In 1980, Afrobeats pioneer Fela Kuti teamed up with Black American musician Roy Ayers to record “Africa Center of the World,” a love song like no other. “Before I die I want to die without eagerness, and be a fan of my people before being a rockstar,” Fela sang with the knowledge that music could be a tool of rebellion. Although Africa is the cradle of humankind, over the past five hundred years imperialists have exploited its natural resources, denigrated its native cultures, and left the continent in shambles.
After the Ethiopians defeated the Italian during World War II, a new era was born. During the mid-20th century, the African Independence Movement took root as nation after nation rose up, driving European imperialists from the continent. But even after the foreign powers were expelled, a new form of oppression emerged in the form of neocolonialism. French philosopher Jean-Paul Sartre first described the phenomenon in 1956, observing how the West employed capitalism, globalization, and cultural imperialism to control and exploit developing nations.
For decades, Africans across the continent have used art as a form of resistance and a means to honor and preserve their heritage. Like Fela, Gabonese-Canadian photographer Yannis Davy Guibinga uses art to uplift the people, honor ancestral traditions, and challenge neocolonialism. “The African continent has been victim of the colonial agenda, which has had as one of its main pillars the systematic and thorough destruction of the traditions, histories, and cultural artifacts in order to replace it with their own,” says Guibinga. “I believe that it is important to honor these elements that are now almost completely gone to keep them alive in a world that has tried to effectively erase them.”
In the Beginning
Origin stories — both fable and fact — have long nurtured humanity’s shared need for a deeper understanding of who we are and how we came to be. In the new series “Tales of the First Sunrise” selections from which are now on view in the exhibition “Perspectives from Within: Our Cultures Through Fashion”, Guibinga reimagines the first day on Earth through an African lens. “Origin stories are important in any culture across the globe,” he says. “It makes us feel better as humans to think about where we come from and how this all started.”
For “Tales of the First Sunrise,” Guibinga draws inspiration from his earliest encounters with traditional African art, where the silhouettes of sculptures were positioned in contrast to a strong and colorful background. The work helps Guibinga, who now lives in Montréal, maintain a strong connection to his African roots.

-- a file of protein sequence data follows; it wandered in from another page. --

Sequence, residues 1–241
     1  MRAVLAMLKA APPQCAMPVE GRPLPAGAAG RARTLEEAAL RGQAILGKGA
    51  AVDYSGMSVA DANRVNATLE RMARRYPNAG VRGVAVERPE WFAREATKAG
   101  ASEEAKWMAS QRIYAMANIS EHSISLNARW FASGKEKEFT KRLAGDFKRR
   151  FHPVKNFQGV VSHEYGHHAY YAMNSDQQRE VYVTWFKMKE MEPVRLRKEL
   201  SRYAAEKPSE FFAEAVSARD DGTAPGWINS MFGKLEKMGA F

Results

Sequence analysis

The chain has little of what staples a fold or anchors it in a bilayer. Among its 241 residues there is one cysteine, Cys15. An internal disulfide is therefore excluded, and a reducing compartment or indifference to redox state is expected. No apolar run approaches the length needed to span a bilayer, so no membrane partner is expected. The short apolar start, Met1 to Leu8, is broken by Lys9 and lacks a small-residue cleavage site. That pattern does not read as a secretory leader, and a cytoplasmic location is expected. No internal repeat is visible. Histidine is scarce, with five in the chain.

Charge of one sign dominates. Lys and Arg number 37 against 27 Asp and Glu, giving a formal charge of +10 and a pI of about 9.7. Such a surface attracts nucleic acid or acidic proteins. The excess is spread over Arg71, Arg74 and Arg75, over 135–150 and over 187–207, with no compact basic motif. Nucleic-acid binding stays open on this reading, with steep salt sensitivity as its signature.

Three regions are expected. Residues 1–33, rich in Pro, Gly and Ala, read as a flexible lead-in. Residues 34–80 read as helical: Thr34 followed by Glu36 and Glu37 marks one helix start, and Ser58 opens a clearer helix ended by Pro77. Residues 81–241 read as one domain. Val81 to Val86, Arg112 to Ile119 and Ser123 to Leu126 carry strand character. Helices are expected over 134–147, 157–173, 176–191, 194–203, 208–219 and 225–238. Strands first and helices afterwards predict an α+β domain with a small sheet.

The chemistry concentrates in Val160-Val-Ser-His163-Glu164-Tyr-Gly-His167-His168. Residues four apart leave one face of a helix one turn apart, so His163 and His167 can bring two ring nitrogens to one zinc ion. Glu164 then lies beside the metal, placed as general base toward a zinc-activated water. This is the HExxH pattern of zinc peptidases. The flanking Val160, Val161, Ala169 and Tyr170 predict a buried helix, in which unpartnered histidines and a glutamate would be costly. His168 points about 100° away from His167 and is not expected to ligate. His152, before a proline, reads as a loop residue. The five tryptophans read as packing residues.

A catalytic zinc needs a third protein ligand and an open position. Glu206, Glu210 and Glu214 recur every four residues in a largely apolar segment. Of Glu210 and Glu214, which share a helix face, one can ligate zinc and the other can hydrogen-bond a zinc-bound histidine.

“Color has always been an important part of my work and one of the main elements in my images,” he says. “I have always been interested in the influence colors can have on one image but that interest grew to include the cultural meaning of colors as well. Colors have social significance all over the world that differs depending on the context. Exploring the different meanings of color in different parts of the African continent through photography allows me to learn more about these different traditional communities.”
In a New Light
As a child growing up in Gabon, Yannis Davy Guibinga remembers paging through his mother’s copies of Vogue Paris. Drawn to the way the photographers use images to create their own worlds and tell stories, Gubinga decided to do that for himself. Inspired by the work of Mert & Marcus, Malick Sidibé, Seydou Keïta, and J.D Okhai Ojeikere, Guibinga developed a style of portraiture and fashion photography that embraces African aesthetics at its core.
“These photographers have all created their own visual universe that they have been able to grow into throughout their respective careers,” says Guibinga, who admires their ability to couple fashion and culture to create distinctive visual languages.
After graduating high school in 2013, Guibinga moved to Toronto. Although Canada purports to embrace tolerance, a cursory glance at their treatment of Native populations reveals the country to be anything but welcoming. With the move, Guibinga felt the shock of being othered. Seeking community, he found people who shared his experience of being Black in Canada and began working with them on photography projects as a way to ease the transition to his new life.
It was only by virtue of living in Canada that Guibinga began to see and think about his culture and identity in a new light. He observes, “I am grateful that traveling and being outside of my comfort zone allowed me to be more aware and critical of the different intersections that create my identity and influence the way I show up in and am experienced by the world.”
An Authentic Vision
Throughout his photography, Yannis Davy Guibinga fuses his love for color and symbolism with the language of the human form to create a world liberated from Western cultural hegemony. “Photography is a tool that has been introduced to the African continent by Europeans who had a very specific colonial agenda in mind. Because of said agenda, the images of Africa were ones driven by stereotyping the continent as a whole as well as its people and cultures,” says Guibinga.
“Today, African photographers are able to use this same tool to create their own narratives and counter the stereotypes that are still dominant in Western media about Africa. It is a way to assert the perspective, opinions and views of Africans about their own cultures and heritage to give a new and more authentic perspective on what it is like to be African.”
“Perspectives from Within: Our Cultures Through Fashion” is on view at Brick at Blue Star in San Antonio, Texas.